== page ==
Butterfly: flying insect active by day, characterized by clubbed antennae, slender body, and broad, conspicuously-marked wings

Buttoning up: as the fry “use up” the yolk sac, as a food source, its belly closes up

California Gray Squirrel: a strong, gray, tree-dweller with a large, bushy tail living in the foothills and Yellow Pine belts of the Sierra. Feeds mostly on pine seeds and acorns

Camouflage: to conceal or disguise

Carbon cycle: natural process by which CO2 molecules move through the environment

Change: to make different in some way

Characteristic: a distinguishing feature or quality

Coagulation: the process in which raw water from terminal reservoirs is drawn into mixing basins at treatment plants where alum, polymer and sometimes lime and carbon dioxide are added. This process causes small particles to stick to one another, forming larger particles, which are more easily removed.

Coloration: the state of being colored

Community: a specific area in which certain plants and animals live and interact

Compaction: the process of packing firmly together; refers to soil which has very few
pore spaces

Compass: a handheld tool for determining direction with the help of a magnetized needle which is pointing to magnetic north

Complete metamorphosis: change during growth in insects from larvae to adulthood that includes a pupa stage. Larvae and adults generally look very different from each other. Incomplete metamorphosis: simple change during growth in insects from egg to nymph to adult. Nymphs and adults often show similarities in appearance.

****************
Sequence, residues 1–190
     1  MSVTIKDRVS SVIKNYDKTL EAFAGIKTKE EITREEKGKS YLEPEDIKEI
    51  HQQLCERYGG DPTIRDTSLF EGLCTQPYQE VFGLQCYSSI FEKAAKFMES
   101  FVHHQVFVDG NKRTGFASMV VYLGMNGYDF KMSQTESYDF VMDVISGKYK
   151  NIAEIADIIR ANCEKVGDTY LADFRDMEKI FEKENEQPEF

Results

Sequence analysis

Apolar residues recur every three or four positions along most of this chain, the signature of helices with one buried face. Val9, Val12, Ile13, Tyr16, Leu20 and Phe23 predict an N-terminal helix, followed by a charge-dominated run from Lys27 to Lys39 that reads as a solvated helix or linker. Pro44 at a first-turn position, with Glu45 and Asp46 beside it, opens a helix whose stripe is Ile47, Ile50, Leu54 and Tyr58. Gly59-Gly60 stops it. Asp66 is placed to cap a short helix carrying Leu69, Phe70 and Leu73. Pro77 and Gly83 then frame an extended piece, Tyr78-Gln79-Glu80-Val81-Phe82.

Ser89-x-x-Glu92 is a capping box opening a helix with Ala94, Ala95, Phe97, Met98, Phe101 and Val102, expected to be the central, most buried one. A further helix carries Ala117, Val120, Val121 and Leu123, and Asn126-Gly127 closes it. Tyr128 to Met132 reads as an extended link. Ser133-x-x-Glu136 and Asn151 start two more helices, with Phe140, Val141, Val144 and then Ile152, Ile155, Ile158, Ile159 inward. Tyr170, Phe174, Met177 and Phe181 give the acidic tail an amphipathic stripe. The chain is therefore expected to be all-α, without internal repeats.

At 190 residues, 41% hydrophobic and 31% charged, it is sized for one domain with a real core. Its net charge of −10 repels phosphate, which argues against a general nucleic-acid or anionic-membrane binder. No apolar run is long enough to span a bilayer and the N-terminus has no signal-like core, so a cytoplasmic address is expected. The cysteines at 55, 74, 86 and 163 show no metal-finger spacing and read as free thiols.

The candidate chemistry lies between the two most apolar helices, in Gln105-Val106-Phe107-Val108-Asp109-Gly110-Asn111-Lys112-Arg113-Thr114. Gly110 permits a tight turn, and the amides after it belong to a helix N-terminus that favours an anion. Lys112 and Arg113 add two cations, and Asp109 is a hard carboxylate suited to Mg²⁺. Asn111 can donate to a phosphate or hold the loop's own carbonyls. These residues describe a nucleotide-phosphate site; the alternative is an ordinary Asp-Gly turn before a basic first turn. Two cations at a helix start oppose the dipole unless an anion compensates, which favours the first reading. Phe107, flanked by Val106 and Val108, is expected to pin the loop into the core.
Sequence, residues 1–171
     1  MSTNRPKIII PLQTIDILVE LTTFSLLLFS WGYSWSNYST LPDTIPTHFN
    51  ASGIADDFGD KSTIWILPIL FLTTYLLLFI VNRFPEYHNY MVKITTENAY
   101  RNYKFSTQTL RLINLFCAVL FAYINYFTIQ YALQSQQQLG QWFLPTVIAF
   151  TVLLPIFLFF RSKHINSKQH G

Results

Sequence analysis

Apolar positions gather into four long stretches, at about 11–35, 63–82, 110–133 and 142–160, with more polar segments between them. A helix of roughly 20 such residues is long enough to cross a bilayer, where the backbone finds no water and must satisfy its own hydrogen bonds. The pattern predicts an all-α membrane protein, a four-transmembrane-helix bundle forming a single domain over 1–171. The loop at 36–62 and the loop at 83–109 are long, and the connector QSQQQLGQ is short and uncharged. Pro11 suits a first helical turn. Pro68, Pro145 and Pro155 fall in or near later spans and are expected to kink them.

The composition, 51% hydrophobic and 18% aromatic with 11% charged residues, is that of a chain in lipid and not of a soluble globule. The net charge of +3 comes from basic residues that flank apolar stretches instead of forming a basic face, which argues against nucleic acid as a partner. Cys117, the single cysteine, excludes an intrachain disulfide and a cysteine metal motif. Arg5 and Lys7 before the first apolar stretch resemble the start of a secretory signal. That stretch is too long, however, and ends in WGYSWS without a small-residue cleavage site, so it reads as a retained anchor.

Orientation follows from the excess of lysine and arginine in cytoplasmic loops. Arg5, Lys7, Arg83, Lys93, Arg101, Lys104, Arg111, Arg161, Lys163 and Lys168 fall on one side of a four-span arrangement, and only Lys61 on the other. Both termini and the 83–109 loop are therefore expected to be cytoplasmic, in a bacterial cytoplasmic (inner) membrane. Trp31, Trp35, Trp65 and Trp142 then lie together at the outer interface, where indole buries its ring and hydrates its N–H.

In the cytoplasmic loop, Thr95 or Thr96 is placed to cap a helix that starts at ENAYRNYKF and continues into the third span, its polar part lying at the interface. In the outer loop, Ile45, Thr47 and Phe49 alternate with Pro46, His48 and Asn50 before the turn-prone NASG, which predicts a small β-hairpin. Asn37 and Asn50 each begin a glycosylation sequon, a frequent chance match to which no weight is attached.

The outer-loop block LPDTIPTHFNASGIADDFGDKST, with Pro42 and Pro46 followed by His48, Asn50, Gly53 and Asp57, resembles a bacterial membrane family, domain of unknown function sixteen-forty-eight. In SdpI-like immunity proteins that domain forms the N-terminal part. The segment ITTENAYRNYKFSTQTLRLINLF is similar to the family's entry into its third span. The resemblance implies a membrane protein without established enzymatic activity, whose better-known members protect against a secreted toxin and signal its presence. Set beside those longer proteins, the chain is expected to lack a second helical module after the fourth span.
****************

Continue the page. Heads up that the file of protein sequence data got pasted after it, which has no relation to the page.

Condensation: the change of vapor into a liquid

Conductivity: a measure of how well water carries an electrical current

Cone: a generally woody structure which producing seeds on most conifers

Conifer: a tree or shrub with needle-like leaves that produces seeds in cones

Controls: the man-made or natural features in the landscape upon which a control marker is placed, and which is described by a clue; the mapped features toward which you are navigating; the checkpoints on a orienteering course

Control Marker: the three-dimensional orange-and-white nylon flag used to mark the control feature

Crust: a layer from 4–25 miles thick consisting of sand and rock